Tokens are known for traders in wholesale markets across the UK. They were usually used in connection with deposits paid for returnable packages. During the nineteenth century the great majority of fruit and vegetables were received from farms in baskets (click here for a picture of local basket makers), sacks or wooden boxes. To ensure these were returned a deposit was charged and tokens issued to the buyer for an equivalent value. When the containers were returned with the token the money was refunded. The use of tokens was phased out in the 1950s and 1960s. Some markets (for example Billingsgate) also used tokens to record how many loads a porter had carried. There were two markets in Tower Hamlets that used tokens: Columbia and Spitalfields. The tokens themselves were in use from about 1850 to 1960 and could be made of brass, copper, zinc or cupronickel. Denominations ranged from 2d to £10. During the nineteenth century 6d and one shilling tokens predominated but gradually, higher denominations were introduced. London manufacturers predominate with the firm of R. Neal and its successors being by far the most prolific.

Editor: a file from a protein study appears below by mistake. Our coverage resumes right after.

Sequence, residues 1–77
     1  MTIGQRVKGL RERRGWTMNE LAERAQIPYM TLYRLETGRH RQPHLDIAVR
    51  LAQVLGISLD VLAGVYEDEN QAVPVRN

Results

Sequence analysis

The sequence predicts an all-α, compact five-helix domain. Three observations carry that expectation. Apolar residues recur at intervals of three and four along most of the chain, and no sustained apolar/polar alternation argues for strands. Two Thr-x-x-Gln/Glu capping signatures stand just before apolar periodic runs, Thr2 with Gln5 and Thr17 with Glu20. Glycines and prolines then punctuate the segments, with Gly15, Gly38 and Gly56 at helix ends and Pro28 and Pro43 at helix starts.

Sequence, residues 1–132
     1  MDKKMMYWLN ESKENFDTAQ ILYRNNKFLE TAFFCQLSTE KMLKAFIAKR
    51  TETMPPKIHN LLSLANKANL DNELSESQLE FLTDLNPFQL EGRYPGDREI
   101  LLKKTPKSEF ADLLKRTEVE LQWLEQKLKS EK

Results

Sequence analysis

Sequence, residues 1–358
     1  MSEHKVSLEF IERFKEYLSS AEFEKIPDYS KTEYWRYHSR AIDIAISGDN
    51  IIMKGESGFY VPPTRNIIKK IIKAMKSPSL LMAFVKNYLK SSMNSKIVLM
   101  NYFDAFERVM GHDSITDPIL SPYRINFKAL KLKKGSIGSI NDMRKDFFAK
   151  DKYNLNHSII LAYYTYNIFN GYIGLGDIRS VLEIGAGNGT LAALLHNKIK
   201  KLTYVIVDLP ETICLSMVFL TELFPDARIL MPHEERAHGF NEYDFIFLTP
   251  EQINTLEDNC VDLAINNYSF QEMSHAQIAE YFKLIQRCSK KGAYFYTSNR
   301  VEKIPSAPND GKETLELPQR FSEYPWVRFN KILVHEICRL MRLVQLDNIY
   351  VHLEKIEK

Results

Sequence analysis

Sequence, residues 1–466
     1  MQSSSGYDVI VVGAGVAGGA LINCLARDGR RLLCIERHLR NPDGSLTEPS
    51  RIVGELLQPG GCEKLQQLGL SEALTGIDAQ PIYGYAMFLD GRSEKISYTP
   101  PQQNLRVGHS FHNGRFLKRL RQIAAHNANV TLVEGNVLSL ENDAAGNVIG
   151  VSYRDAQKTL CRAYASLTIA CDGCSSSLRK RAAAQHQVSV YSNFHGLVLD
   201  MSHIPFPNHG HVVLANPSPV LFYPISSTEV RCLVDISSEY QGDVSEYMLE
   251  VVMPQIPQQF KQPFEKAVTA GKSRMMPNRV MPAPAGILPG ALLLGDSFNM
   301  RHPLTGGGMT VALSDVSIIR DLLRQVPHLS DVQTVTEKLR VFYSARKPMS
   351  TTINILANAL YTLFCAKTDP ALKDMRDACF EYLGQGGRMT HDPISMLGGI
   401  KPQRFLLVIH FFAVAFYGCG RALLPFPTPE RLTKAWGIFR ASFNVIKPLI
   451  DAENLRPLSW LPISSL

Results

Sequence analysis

For details of the markets and their tokens please click on the market name